17. ^ Whitted, K.S. (2005). Student reports of physical and psychological maltreatment in schools: An under-explored aspect of student victimization in schools. University of Tennessee.
  18. ^ Brownstein, A. The Bully Pulpit: Post-Columbine, Harassment Victims Take School To Court. TRIAL - the Journal of the Association of Trial Lawyers of America, December 2002.
  19. ^ Namie, Gary and Ruth Workplace Bullying Institute Brochure
  20. ^ Belsey, W Cyberbullying: An Emerging Threat to the Always On Generation
  21. ^ Striking back at the cyberbullies Page, Chris, BBC, UK.
  22. ^ The Values and Standards of the British Army – A Guide to Soldiers, Ministry of Defence, UK March 2000, paragraph 23.
  23. ^ Deepcut Review accessed 14 Jan 07
  24. ^ Social Psychology of the Individual Soldier, Jean M. Callaghan and Franz Kernic 2003 Armed Forces and International Security: Global Trends and Issues, Lit Verlag, Munster
  25. ^ Military bullying a global problem, BBC, UK Monday, 28 November 2005

External links

Look up Bullying in
Wiktionary, the free dictionary.



From Wikipedia, the free encyclopedia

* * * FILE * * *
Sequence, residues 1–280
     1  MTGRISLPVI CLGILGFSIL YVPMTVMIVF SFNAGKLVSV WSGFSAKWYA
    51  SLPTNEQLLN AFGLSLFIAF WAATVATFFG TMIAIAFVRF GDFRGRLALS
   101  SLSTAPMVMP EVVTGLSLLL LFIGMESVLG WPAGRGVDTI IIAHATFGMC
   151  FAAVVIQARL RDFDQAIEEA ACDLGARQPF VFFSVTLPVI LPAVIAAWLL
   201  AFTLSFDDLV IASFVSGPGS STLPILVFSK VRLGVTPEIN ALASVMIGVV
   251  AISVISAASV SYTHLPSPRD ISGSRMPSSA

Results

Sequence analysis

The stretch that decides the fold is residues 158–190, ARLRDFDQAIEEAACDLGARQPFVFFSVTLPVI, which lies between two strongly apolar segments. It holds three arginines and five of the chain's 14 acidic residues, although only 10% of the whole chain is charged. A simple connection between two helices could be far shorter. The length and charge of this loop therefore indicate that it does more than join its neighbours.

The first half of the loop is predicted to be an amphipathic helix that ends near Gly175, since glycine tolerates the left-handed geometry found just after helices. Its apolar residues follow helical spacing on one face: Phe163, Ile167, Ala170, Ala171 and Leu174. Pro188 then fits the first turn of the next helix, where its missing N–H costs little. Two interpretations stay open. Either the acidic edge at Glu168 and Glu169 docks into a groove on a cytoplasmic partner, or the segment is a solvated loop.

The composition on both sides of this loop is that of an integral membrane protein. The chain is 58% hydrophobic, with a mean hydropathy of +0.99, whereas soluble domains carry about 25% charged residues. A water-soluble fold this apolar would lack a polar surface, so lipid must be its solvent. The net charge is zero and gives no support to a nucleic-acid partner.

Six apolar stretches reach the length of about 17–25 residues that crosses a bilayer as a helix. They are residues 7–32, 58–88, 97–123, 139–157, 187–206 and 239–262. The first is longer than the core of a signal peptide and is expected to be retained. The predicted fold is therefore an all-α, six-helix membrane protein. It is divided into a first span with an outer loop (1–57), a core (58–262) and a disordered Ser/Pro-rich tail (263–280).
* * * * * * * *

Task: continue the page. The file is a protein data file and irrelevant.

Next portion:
Cyberbullying occurs when a child, preteen or teenager is bullied, harassed, humiliated, threatened, embarrassed, or targeted in someway by another child, preteen or teenager through the use of internet, cell phones and other forms of digital technology. In order for it to be cyber-bullying, the intent must be to cause emotional distress, and there must be no legitimate purpose to the communication.[1] Cyberbullying can be as simple as continuing to send e-mail to someone who has said they want no further contact with the sender, but it may also include threats, sexual remarks, pejorative labels (i.e., hate speech). Though the use of sexual remarks and threats are sometimes present in cyber-bullying, it is not the same as sexual harassment and does not involve sexual predators. Cyber-bullies may disclose victims' personal data (e.g. real name or workplace/schools) at websites or forums, or may attempt to assume the identity of a victim for the purpose of publishing material in their name that defames or ridicules them. Some cyber-bullies may also send threatening emails and instant messages to the victims. The content in these messages are often so strong that a victim may commit suicide. Some may post victims' photos, or victims' edited photos like defaming captions or pasting victims' faces on nude bodies. One famous forum for disclosing personal data or photos to "punish" the "enemies" is Hong Kong Golden Forum. One example of suicide from being a victim of cyber-bullying is the Megan Meier Suicide Controversy[1]